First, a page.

Other news: the spring ’08 semester is over. I got an A in everything but photography, where I got a B+. Do you see the irony there? I did the assignments and missed no classes, and had nice stuff including Wine Bottles, The Rebel, and The Gaze for my presentation, but my teacher is afraid of A’s.

My cousin’s blogging again. I set up my photography archive using Gallery2, but it’s just for family and friends since my family is afraid of the public. I changed all the Google ads here to orange; I like it because they stand out yet complement the olive green links and banner. 2008-05-16 Update: Switched back; orange was getting no clicks. Check out the “printable view” links on each post now, such as the one for 10 Tips for Reference Dialogues. I messed with the WP-Print code so that the footnote markers come after links instead of before, the printed from URI is just the article, and the links are black instead of the default blue or purple (that’s CSS though). What I don’t like about the defaults, is that links are blue, but if you’ve clicked them (a:visited), they’re purple, and this shows up if you print in color. When you print, they should be all the same. I picked black over blue, so in multi-page articles headlined with a color photo, I can print page one on my color laser and the rest on the monochrome, and there is consistency. When I print stuff out, I use Internet Explorer instead of Firefox, because it formats margins and text nicer.

Also, the print pages don’t say “Brilliant Photography” now, cuz it makes no sense for LIS articles. It’s just richardxthripp.thripp.com now, which is short and sweet.

That’s it for now; thanks for reading.

10 Tips for Reference Dialogues

The reference dialogue: books and a question mark

A cornerstone of library work is the reference interview (or interrogation if you’d prefer), as it is the principle persona for the library knowledge-base, and is increasingly the domain of library assistants and para-professionals. These are the ideas I’ve picked up from working in the public library sector.

1. Use the encyclopedias. Many students come in wanting books on obscure subjects. Especially in smaller libraries, there are no books to be found, but an encyclopedia article will do in a pinch, and is an authoratative source.

2. Ask questions. If he asks where the nonfiction section is, don’t just point at it; ask if there is anything in particular he’s looking for. Often there is, but you need to break the ice. If you’re asked for “history books,” don’t ask interrogative questions like “why do you need history books?,” but cooperative ones like “what kind are you looking for?”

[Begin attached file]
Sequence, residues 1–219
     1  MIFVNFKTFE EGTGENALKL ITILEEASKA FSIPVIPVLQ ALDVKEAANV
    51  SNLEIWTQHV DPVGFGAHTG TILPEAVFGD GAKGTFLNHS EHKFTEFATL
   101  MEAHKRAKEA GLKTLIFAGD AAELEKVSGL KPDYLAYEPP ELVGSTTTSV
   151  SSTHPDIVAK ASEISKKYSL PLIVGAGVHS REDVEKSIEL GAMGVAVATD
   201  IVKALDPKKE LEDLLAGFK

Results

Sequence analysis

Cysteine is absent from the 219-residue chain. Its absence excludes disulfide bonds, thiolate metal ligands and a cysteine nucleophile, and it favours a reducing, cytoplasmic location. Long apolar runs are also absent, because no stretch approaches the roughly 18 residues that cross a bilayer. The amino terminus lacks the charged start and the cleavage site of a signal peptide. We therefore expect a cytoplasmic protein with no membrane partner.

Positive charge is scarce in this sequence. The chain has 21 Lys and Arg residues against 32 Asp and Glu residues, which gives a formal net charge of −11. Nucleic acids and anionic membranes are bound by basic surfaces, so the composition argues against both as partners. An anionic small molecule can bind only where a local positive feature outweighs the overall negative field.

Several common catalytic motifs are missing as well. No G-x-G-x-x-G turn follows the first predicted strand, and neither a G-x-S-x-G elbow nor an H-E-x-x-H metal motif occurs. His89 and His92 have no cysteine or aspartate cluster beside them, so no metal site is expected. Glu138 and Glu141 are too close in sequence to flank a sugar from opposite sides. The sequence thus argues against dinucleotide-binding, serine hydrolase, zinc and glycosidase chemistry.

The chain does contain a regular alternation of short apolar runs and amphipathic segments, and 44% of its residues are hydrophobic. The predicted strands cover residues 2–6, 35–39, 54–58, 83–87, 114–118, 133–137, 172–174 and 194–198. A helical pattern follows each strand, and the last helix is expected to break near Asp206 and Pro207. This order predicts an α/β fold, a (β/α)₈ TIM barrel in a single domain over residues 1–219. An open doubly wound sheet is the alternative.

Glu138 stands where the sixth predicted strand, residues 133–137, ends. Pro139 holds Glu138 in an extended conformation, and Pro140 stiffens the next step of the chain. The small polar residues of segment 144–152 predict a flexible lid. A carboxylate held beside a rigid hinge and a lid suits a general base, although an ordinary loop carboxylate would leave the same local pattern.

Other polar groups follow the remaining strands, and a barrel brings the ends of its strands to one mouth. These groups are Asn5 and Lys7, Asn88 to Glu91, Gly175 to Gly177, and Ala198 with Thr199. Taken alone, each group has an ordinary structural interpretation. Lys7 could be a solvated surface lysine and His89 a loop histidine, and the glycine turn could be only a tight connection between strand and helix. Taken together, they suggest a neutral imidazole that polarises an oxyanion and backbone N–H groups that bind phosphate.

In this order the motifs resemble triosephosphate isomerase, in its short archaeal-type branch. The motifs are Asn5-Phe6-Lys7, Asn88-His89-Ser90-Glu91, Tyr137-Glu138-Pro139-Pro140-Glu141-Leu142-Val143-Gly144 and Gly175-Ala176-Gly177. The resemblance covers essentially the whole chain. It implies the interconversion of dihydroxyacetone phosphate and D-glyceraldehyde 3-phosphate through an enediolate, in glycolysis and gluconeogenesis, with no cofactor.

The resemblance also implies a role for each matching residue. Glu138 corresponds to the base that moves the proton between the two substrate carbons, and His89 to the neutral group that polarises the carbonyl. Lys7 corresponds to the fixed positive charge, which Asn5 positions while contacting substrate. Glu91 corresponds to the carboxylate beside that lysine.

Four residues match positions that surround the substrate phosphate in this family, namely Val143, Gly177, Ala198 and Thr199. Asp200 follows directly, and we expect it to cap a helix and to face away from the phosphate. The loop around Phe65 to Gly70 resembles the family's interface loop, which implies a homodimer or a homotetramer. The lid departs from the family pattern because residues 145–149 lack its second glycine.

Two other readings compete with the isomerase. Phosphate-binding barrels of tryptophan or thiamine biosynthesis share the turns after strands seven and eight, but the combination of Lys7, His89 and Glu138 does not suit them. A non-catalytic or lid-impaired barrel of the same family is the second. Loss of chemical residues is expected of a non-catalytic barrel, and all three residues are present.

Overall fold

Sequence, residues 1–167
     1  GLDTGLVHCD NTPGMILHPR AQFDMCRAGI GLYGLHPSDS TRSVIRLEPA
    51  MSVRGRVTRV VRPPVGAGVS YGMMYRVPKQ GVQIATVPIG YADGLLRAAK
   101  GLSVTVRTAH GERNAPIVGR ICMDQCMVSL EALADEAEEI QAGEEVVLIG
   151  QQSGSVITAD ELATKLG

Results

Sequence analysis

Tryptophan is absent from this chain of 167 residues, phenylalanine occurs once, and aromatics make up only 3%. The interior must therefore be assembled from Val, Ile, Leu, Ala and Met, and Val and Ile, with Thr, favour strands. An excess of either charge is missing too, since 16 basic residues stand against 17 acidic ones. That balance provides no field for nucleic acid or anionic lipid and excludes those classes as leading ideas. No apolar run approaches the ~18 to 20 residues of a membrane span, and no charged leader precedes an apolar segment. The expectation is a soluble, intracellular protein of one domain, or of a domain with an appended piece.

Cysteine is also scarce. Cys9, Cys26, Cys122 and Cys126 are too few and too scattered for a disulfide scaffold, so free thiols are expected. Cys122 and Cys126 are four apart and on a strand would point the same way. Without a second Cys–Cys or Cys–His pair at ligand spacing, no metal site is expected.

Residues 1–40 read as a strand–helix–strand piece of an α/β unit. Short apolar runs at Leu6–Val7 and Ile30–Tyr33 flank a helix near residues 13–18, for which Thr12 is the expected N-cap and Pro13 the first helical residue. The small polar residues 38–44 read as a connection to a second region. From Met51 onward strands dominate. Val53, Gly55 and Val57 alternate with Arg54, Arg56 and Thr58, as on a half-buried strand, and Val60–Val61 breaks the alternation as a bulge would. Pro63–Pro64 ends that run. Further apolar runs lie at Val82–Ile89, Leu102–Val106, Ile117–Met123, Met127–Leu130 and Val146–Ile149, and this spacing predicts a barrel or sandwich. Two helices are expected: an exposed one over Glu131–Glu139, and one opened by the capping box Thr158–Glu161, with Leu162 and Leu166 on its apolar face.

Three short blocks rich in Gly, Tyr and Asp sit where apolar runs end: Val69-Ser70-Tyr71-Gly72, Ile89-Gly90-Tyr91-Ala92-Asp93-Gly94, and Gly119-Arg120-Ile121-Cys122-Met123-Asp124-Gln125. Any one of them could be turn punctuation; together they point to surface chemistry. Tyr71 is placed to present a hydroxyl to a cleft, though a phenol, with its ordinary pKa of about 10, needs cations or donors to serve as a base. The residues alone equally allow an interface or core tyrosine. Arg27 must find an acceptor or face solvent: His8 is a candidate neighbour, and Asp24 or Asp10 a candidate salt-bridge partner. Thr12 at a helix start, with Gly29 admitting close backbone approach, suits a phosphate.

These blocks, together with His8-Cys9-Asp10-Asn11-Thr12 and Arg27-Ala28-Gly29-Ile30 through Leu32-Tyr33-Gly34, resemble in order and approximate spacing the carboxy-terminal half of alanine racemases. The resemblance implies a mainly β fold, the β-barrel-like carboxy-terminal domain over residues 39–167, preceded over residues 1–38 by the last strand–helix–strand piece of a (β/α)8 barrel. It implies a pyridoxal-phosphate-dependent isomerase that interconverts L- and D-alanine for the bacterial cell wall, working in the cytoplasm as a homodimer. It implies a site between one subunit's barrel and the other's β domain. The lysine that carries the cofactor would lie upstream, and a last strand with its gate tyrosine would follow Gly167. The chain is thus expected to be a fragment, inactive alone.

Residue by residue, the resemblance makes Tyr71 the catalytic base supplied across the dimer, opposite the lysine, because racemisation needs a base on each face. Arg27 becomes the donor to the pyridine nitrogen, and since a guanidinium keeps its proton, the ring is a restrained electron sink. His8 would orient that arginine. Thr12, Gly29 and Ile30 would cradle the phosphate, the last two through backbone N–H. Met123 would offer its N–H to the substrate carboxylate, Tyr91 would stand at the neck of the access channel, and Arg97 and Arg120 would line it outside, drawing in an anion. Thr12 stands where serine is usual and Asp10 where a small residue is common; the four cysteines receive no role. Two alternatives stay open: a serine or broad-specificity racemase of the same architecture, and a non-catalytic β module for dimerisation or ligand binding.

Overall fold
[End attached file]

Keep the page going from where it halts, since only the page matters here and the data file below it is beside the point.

3. Quality over quantity. Don’t give the patron a good book on crocheting and then eight unrelated books on knitting; start with one, and then follow up if the resource proves inadequate. Overloading him with information is not much better than doing nothing at all, as it is our job to sift the wheat from the chaff.

4. Leverage Google for the author of a title, the jargon of a field, or even how to spell an elusive word (if the mis-spelling is common, Google will list it with the question, “did you mean?”). This can be useful if you can’t understand your patron’s mumblings; search what it sounds like, and often you’ll get your answer. You can then query your library’s catalog with the details you found online.

5. Keep it simple. When a patron comes in asking how to search jobs or phone numbers online, be sure to put in a good word for the Pennysaver and phone book; they are often the more relevant choice.

6. Be nice. The theory of participation inequality applies to reference requests too. Though we will never have accurate stats, we can assume that 90% of library users who would like to know about something don’t ask, be it because they lack a definite question, feel uncomfortable, or are just quiet in general. Do you want to drive away the 10% that do ask, or make the 90% grow even larger?

7. Take initiative. If that user is staring quizzically at your biographies, or struggling with your public catalog, ask him if there’s anything you can do to help. Often, this will be the catalyst for a question-and-answer discussion that will bring out what he’s looking for.

8. Defer gracefully. For the many patrons who ask genuine questions, there are a few who will bring page-long lists of items for you to find, or expect super-human expertise from you. Offer to find the items or show them how to use the OPAC (“teach them to fish”), but if there’s a line forming, stay firm that their involved requests must wait.

9. Ask for help. If you’re having trouble finding accounts from the Spanish-American War, ask the resident history buff, or go to a reference librarian or the Internet if need be. No librarian is an island.